With over three million water heaters installed in the Northwest, demand response-enabled, or connected, water heaters could be a flexible, low-cost way of reducing energy use during periods of high demand. These "smart" water heaters also have the potential to deliver a host of other benefits, including lower utility costs and better integration of renewable energy into the grid. To assess the opportunity, Bonneville Power Administration (BPA) and Portland General Electric (PGE) are leading an innovative, region-wide pilot with eight Northwest utilities, the Northwest Energy Efficiency Alliance (NEEA) and two national manufacturers—A.O. Smith and Bradford White.
Pilot organizers asked NEEA to join the effort because of its market transformation expertise, deep experience in heat pump water heater technology and knowledge of the water heater market, including strong partnerships with manufacturers. “Typical demand response programs are about turning things on or off, it’s cut and dry,” said Conrad Eustis, Portland General Electric's Director of Retail Technology Strategy and pilot co-lead. “This is the first time we’ve taken a market transformation approach to demand response, and NEEA is probably the best in the country at doing that.”
This is the first time we have taken a market transformation approach to demand response, and NEEA is probably the best in the country at doing that.
With pilot funding supplied by BPA, NEEA’s role is to establish a market baseline, work with manufacturers to add smart controls to their product lines and develop a long-term market transformation strategy for smart water heaters in the region. The alliance will also spearhead the development of an education platform that supports Northwest utilities in helping their customers understand smart water heater technology and its benefits for the region.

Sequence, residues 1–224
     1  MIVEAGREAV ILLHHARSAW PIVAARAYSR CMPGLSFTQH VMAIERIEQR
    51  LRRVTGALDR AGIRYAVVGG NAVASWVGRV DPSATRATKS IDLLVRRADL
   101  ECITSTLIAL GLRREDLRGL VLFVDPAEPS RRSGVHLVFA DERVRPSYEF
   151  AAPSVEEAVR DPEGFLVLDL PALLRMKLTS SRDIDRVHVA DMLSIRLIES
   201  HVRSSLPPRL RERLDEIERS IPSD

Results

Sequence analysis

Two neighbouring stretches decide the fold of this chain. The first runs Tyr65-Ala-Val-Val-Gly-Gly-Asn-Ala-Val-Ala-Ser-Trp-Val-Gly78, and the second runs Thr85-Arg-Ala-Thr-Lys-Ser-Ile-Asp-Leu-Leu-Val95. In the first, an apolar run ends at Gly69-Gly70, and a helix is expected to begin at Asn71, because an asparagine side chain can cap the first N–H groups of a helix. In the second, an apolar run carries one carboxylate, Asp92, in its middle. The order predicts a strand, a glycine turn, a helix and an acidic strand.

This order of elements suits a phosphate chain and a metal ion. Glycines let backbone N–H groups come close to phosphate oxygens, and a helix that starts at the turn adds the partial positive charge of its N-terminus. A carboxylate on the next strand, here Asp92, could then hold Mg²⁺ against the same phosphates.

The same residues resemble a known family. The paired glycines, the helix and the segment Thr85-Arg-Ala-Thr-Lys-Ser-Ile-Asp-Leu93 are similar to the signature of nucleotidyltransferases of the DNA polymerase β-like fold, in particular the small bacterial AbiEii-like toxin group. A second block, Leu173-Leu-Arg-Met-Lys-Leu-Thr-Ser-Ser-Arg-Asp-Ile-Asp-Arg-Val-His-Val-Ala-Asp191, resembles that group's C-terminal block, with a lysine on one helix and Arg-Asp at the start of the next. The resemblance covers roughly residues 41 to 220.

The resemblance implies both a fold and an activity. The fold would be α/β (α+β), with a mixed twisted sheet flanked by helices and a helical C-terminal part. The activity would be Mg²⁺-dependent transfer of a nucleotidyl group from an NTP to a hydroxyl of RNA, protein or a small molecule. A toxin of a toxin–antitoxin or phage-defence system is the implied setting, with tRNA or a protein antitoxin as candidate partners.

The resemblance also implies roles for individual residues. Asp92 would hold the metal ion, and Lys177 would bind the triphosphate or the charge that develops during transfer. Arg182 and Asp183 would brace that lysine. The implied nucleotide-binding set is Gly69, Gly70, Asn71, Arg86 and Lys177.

To conduct the pilot, BPA, PGE and other participating utilities recruited more than 250 households across the Northwest (80 percent with heat pump water heaters). “We’re asking utility customers to help us pioneer what could be a very valuable program for the region,” said Conrad Eustis. “This approach could provide utilities with much more flexibility to keep costs and rates down without impacting the customer comfort or lifestyle.”
Throughout 2017 and into 2018, the pilot will evaluate the potential of flexible demand response enabled water heaters and test a new, modular, open-source, communications port that allows utilities to remotely control and monitor demand response events. One of the main goals of the pilot is to develop a business case for a future market transformation effort to influence manufacturers to add the communications port, known as CTA-2045, to their water heaters. The final pilot report is expected at the end of 2018.
If all new water heaters purchased in the Northwest were demand-response enabled, by 2038 we would have built a capacity resource equivalent to 250 megawatts - that is half the output of a coal-fired power plant.
By controlling time of use, smart water heaters can be used as ‘thermal batteries,' shifting load away from peak-use periods and capturing the benefits of electric storage batteries - at a fraction of the cost. Smart water heaters can help utilities integrate renewable energy onto the grid by increasing alignment between generation and demand, and could potentially help utilities take advantage of fluctuations in wholesale electricity prices. Along with BPA and PGE, Northwest utilities participating in BPA's pilot are PGE, Clark PUD, Emerald PUD, Franklin PUD, Puget Sound Energy, Snohomish PUD, Springfield Utility Board and Tacoma Power.